So I play a lot of games but I’ve never really done a review on one before. I don’t know why it hadn’t occurred to me to do so, but better late than never, right?
Fire Emblem: Awakening is the newest game in the Fire Emblem series. I played Sacred Stones on the Gameboy Advance SP back in the day, so there’s a lot of nostalgia with this one. Instead of a GBA SP, it’s a 3DS.
Genre: strategy RPG/turn based tactical role-playing game (as explained by Wikipedia). LOTS OF TACTICS basically
System: Nintendo 3DS
Note: LOTS of DLC maps and characters. A lot, a lot. Also multiple modes and save options, which is NICE.
See IGN’s roundup of information on this game.
The main character (who can be either boy or girl) wakes up in a field to find Chrom, prince of Ylisse, and his fellow Shepherds. From there, political issues mount up as Plegia’s Mad King stirs up a war between the two kingdoms. But when Marth, the hero of ancient tales, appears out of nowhere and helps save Chrom and the others from the Risen — dark zombies of sorts — it’s obvious there’s more going on than just simple warfare between two countries. From there, everything changes.
There’s a lot of drama, some time related events, good verses bad, and even some gray spots in between.
This is a turn-based game. You end up in charge of at least 10-12 character actions per chapter or event at any given time, and oh gosh, do you end up with WAY more characters than that by the end of it all.
Basically you’re the tactician in an army fighting the good fight. This isn’t a first in Fire Emblem history and is the mainstay of the series.
Each unit has a different class type. Cleric, priest, valkyrie are healer type classes while thief and assassin are stealthier, critical-hitting classes. There are tanky classes like generals, and so on. The game helps you understand this and the IGN link above has a walkthrough as well as explanations on classes if you get confused.
Stats are a big part of this game — more so than I understand, so I’m sorry but I won’t linger on this detail as much as other reviews might. Once your characters get to level 20 they can use a Master Seal to upgrade to yet another class, which maxes out at level 20 (level 30 for certain classes, which will be obvious in-game and spoilers if I say specifics). DO NOT upgrade your units before level 20. The stats will be underwhelming. That’s my biggest tip.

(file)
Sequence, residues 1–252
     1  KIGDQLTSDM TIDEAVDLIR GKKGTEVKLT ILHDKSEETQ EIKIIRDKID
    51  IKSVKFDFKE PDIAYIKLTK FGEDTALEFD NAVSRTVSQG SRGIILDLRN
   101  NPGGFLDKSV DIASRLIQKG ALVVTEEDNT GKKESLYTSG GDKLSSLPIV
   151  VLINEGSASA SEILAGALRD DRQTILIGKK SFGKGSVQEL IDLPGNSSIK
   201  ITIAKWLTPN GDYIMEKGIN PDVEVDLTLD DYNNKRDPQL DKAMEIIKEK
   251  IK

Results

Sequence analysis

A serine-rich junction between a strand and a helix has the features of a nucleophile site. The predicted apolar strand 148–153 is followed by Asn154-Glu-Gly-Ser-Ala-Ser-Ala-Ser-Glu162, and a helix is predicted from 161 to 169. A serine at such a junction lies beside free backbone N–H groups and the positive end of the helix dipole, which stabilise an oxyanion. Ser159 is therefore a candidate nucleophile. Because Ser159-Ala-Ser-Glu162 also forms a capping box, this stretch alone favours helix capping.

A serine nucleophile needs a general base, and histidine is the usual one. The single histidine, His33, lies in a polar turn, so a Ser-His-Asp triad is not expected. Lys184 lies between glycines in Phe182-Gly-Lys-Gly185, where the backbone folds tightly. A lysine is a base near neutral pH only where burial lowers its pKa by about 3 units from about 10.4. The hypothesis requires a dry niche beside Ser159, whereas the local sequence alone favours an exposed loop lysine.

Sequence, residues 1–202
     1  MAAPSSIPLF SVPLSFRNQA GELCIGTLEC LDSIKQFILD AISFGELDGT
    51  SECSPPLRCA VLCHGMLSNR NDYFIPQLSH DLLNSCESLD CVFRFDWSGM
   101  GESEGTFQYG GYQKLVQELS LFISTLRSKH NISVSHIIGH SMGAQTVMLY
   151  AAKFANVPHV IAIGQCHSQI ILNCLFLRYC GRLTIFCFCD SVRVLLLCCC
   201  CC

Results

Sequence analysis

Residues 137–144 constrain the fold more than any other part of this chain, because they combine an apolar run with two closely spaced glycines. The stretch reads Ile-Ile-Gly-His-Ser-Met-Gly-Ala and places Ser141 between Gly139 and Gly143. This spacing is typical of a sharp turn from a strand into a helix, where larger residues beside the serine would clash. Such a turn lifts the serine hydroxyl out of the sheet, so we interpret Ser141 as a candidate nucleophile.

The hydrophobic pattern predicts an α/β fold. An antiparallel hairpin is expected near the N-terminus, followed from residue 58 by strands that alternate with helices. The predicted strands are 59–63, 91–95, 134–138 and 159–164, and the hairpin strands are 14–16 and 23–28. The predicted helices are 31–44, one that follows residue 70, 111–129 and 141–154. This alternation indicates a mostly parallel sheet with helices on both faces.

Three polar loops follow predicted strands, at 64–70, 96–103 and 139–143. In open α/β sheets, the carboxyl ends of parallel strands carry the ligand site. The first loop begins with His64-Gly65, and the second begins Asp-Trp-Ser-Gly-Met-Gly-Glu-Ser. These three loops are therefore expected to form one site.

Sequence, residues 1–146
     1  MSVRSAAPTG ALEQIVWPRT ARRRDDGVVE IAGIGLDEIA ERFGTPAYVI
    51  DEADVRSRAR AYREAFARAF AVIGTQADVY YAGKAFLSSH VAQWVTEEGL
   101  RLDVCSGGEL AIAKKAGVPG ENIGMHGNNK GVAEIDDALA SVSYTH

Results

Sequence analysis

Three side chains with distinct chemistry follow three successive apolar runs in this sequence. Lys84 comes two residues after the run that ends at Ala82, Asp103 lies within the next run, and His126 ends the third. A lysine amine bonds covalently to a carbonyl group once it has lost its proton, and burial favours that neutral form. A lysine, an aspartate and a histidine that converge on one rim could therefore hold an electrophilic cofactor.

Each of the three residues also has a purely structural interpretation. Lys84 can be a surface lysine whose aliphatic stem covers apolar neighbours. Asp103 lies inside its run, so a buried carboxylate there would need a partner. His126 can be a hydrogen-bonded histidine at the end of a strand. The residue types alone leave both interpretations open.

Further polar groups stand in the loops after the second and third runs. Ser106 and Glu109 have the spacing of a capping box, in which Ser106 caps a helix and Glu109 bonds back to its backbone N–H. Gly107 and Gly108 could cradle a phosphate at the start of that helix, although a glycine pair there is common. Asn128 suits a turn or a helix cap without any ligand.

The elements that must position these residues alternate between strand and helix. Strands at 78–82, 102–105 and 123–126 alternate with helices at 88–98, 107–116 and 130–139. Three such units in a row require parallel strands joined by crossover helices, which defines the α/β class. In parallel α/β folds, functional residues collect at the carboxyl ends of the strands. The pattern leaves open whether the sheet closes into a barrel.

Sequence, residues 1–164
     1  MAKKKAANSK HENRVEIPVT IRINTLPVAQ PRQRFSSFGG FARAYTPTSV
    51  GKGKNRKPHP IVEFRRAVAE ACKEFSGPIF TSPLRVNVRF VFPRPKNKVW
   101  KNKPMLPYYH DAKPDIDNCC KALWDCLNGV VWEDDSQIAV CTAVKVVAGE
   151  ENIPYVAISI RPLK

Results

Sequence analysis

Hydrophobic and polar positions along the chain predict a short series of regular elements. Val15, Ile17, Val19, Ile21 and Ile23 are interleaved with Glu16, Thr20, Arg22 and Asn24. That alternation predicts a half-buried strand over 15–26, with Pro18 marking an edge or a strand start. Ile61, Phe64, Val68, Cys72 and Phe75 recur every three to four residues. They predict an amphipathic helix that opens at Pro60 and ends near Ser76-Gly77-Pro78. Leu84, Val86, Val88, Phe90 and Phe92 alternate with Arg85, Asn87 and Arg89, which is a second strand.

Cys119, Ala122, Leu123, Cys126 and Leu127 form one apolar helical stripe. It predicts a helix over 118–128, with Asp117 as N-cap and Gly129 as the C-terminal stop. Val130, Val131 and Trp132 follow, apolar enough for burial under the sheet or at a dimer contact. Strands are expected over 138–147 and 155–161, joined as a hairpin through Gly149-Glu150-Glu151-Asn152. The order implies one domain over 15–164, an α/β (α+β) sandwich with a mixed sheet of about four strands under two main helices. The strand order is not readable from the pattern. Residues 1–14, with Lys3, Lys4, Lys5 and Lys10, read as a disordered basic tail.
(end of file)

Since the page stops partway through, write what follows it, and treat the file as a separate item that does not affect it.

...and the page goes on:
Modes and difficulty levels
You can choose from two basic game modes: classic and casual. Classic is basically the tried and true Fire Emblem method of saving and playing the game. When your character dies in a level, he dies permanently. You can’t use or access his stuff ever again. He or she is gone. You also can’t save until you’re in the world map. Casual, on the other hand, lets you save during the chapters. Your dead characters will come back at the end of the level.
There are also a few difficulty modes: normal, hard, lunatic, and lunatic plus, apparently. I only played the game on normal, as I only had the time for a single playthrough.
Basically this game has a MAJOR shipping aspect. Each unit has a number of other characters they can gain support conversations with. You do this by fighting with those two (or three or four, sometimes) units side-by-side in battle. A little heart will appear over them at the end of a move, and you’ll know their support level is gaining experience. Some of the dialogue is hilarious (I have some screenshots, but be warned, there ARE potential spoilers).
What I liked
- The ships. The support conversations were the BEST.
- Anime cutscenes. They weren’t something I’ve seen before in a Fire Emblem game before.
- The ships.
- The ships.
- Dialogue. Whoever wrote some of these lines has a great sense of pun-filled humor.
- Plot twists. I can’t say any more than that, other than it has to do with Marth’s appearance out of nowhere and I thought it was a fun experience. (see screenshots BUT BEWARE OF SPOILERS).
- The ending was intense. And fun.
What I disliked
- While the plot was heartwarming and nice, it was really typical. It didn’t take much to figure out where things were going.
- The grinding. Oh my goodness, the grinding. Seriously it was tedious, and I think that’s one of the biggest downsides to the game overall.
- The reward for the support conversations. At the end of the game you get a single paragraph. This isn’t anything new, I guess, but I remembered Sacred Stones epilogues being more rewarding.
Overall Score: 8/10
I recommend this game to most lovers of RPG or tactics turn based games, as well as fans of anime-style games in general. Also people who love to ship couples and friendship and flavor stallions (seriously). It’s just hilarious.